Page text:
intent-deliberate indifference-towards that condition.
Sherrod v. Lingle, 223 F.3d 605, 610 (7th Cir.
2000). Put differently, a plaintiff must make a two part
showing-(1) that his condition is objectively serious, and
that, (2) subjectively, the treating physician intentionally
and deliberately failed to provide adequate care. See
Gutierrez v. Peters, 111 F.3d 1364, 1369 (7th Cir.
an injury is serious enough is a very fact specific
inquiry-seriousness may be shown if an ordinary doctor opined
an injury warranted treatment, if an injury significantly
impacted an individual's daily activities, or if an
injury caused chronic or substantial pain, among other
things. Id. As to the subjective component, an
official "must both be aware of facts from which the
inference could be drawn that a substantial risk of serious
harm exists, and he must also draw the inference."
Jackson v. Ill. Medi-Car, Inc., 300 F.3d 760, 765
(7th Cir. 2002). If an official reasonably responds to a
risk, even if harm was not averted, deliberate indifference
does not exist. Id. A claim for medical negligence
does not amount to deliberate indifference.
Gutierrez, 111 F.3d at l369.
Plaintiffs alleged conditions-extreme pain and a closing
airway-are objectively serious for purposes of an Eighth
Amendment claim. See Id. at 1373. However, the
Plaintiffs claim does pass the subjective hurdle based upon
the limited facts presented. Plaintiff claims that he asked
Kwiatkowski for medical care on two occasions, that
Kwiatkowski said he did not look sick, and that when his
airway ultimately was closing, his neck was visibly swollen
like a balloon. The critical link that is missing however is
whether Kwiatkowski was actually able to observe any physical
indicia of distress, or if he had any reason to know of
Plaintiff s physical ailments. Absent such a showing,
Plaintiff has not provided evidence that Kwiatkowski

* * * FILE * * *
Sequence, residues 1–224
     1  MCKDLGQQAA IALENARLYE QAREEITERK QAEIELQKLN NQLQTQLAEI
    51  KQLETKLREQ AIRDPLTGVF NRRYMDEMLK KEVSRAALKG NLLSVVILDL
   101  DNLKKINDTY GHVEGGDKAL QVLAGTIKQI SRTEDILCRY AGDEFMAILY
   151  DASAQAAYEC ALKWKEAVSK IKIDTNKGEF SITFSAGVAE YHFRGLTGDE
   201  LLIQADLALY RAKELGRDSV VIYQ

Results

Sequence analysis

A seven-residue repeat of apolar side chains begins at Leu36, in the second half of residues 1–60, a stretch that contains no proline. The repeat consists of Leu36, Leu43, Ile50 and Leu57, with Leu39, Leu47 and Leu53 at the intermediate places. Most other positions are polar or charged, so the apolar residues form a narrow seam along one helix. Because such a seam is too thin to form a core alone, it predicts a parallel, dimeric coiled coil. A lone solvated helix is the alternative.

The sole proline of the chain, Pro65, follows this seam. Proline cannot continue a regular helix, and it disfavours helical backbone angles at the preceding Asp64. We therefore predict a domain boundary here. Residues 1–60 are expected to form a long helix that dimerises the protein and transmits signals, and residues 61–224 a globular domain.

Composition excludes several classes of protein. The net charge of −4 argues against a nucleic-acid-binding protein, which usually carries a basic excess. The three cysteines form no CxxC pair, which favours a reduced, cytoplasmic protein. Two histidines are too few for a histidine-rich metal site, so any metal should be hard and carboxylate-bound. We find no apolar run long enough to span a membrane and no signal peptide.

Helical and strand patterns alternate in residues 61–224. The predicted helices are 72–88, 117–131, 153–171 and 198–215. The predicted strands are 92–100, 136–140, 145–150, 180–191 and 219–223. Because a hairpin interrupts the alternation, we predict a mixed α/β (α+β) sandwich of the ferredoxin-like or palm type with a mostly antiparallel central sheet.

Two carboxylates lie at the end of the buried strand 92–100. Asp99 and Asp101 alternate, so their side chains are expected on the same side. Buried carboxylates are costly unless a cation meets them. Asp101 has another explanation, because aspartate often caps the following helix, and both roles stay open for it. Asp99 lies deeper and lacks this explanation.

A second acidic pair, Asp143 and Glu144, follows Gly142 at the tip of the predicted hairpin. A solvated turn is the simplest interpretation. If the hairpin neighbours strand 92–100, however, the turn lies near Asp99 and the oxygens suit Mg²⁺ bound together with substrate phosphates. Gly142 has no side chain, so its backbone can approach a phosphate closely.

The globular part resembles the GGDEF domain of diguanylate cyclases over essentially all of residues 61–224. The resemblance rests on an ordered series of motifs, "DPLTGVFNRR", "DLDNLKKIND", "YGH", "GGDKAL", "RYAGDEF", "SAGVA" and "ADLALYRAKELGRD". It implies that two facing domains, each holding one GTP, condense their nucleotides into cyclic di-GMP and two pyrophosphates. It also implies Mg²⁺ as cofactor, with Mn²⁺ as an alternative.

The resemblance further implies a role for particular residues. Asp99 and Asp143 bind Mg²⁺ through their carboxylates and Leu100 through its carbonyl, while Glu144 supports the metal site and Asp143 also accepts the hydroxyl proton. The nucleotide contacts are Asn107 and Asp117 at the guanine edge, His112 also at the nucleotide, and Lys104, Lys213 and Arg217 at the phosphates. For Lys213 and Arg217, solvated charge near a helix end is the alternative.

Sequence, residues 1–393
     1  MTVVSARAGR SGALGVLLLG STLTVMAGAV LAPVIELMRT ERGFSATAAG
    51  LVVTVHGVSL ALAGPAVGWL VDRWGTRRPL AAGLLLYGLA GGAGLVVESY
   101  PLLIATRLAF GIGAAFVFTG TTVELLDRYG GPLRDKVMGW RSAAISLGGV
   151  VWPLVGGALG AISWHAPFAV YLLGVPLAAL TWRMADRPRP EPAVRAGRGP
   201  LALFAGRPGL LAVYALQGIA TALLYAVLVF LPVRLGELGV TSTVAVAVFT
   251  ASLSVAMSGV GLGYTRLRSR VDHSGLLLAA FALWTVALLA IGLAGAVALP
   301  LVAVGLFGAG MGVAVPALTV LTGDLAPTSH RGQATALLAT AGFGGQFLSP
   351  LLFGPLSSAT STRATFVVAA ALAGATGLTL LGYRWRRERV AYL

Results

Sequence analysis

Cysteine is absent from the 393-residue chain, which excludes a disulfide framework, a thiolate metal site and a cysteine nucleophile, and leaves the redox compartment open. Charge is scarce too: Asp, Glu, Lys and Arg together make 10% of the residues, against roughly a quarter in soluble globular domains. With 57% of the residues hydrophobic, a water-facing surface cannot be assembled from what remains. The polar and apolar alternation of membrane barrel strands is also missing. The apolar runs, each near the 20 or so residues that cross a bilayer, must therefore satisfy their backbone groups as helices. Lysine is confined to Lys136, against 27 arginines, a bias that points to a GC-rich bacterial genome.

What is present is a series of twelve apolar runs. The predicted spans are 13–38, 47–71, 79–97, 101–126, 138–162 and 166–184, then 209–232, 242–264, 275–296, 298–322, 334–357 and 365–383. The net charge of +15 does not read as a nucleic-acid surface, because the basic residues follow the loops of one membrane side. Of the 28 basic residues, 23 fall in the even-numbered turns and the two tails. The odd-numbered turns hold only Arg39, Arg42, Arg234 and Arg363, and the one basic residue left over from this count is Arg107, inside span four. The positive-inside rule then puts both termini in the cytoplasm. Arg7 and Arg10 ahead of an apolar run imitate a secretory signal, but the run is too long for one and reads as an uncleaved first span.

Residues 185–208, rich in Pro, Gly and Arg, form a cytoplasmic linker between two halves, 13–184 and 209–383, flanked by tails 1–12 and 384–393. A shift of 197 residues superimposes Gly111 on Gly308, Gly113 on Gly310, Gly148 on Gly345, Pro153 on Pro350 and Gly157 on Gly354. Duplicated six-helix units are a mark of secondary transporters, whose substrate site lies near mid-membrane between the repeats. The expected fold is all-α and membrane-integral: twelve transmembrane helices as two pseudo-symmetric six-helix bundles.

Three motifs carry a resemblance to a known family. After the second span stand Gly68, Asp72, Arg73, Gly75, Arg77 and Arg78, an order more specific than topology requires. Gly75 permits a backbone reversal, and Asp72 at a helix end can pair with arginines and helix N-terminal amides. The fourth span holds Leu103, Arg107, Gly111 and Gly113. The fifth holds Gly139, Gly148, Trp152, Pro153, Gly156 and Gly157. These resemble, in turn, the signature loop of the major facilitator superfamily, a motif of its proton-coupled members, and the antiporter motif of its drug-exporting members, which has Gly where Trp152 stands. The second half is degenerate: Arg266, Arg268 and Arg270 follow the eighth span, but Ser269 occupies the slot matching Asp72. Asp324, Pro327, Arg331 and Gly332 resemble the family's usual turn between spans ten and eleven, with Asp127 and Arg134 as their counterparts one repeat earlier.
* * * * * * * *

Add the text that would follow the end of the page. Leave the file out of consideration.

personally was aware of the fact that there was a serious
medical condition and that he intentionally chose to
disregard that condition. See Pepper v. Village of Oak
Park, 430 F.3d 805, 810 (7th Cir. 2005) ("to be
liable under [Section] 1983, an individual defendant must
have caused or participated in a constitutional
deprivation"). Accordingly, at this juncture, Plaintiffs
Complaint must be dismissed without prejudice for failure to
state a claim upon which relief may be granted.
has filed two identical Motions for Leave to Proceed In
Forma Pauperis (Docs. 2, 3). Ruling on the motions will
be deferred if and until the Plaintiff files his First
Amended Complaint. The Court cannot grant In Forma
Pauperis status if the Plaintiffs complaint fails to
state a claim upon which relief may be granted. See
Lucien v. Roegner, 682 F.2d 625, 626 (7th Cir. 1982)
(when assessing an IFP motion, a district court should
inquire into the merits of the plaintiffs claims, and if the
court finds them to be frivolous or meritless, it should deny
leave to proceed IFP). In light of the opportunity to amend,
it is appropriate to defer ruling.
also has a motion pending for appointment of counsel (Doc.
4). Ruling on this motion will be deferred if and until the
Plaintiff files his First Amended Complaint.